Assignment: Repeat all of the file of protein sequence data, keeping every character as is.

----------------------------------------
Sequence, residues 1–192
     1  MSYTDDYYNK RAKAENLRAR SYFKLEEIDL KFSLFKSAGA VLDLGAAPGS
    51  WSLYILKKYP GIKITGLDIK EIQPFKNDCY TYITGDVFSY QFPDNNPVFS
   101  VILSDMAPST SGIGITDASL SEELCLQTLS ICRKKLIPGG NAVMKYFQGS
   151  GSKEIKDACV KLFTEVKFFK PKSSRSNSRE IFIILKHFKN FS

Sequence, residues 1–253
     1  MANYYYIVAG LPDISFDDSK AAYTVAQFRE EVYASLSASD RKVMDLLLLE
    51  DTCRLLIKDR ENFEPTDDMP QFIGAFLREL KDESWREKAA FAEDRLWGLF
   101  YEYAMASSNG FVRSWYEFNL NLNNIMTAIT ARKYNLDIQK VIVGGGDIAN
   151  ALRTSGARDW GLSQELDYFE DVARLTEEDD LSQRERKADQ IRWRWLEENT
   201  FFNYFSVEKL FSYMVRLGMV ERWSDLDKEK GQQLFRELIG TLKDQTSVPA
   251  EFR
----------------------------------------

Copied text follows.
Sequence, residues 1–192
     1  MSYTDDYYNK RAKAENLRAR SYFKLEEIDL KFSLFKSAGA VLDLGAAPGS
    51  WSLYILKKYP GIKITGLDIK EIQPFKNDCY TYITGDVFSY QFPDNNPVFS
   101  VILSDMAPST SGIGITDASL SEELCLQTLS ICRKKLIPGG NAVMKYFQGS
   151  GSKEIKDACV KLFTEVKFFK PKSSRSNSRE IFIILKHFKN FS

Sequence, residues 1–253
     1  MANYYYIVAG LPDISFDDSK AAYTVAQFRE EVYASLSASD RKVMDLLLLE
    51  DTCRLLIKDR ENFEPTDDMP QFIGAFLREL KDESWREKAA FAEDRLWGLF
   101  YEYAMASSNG FVRSWYEFNL NLNNIMTAIT ARKYNLDIQK VIVGGGDIAN
   151  ALRTSGARDW GLSQELDYFE DVARLTEEDD LSQRERKADQ IRWRWLEENT
   201  FFNYFSVEKL FSYMVRLGMV ERWSDLDKEK GQQLFRELIG TLKDQTSVPA
   251  EFR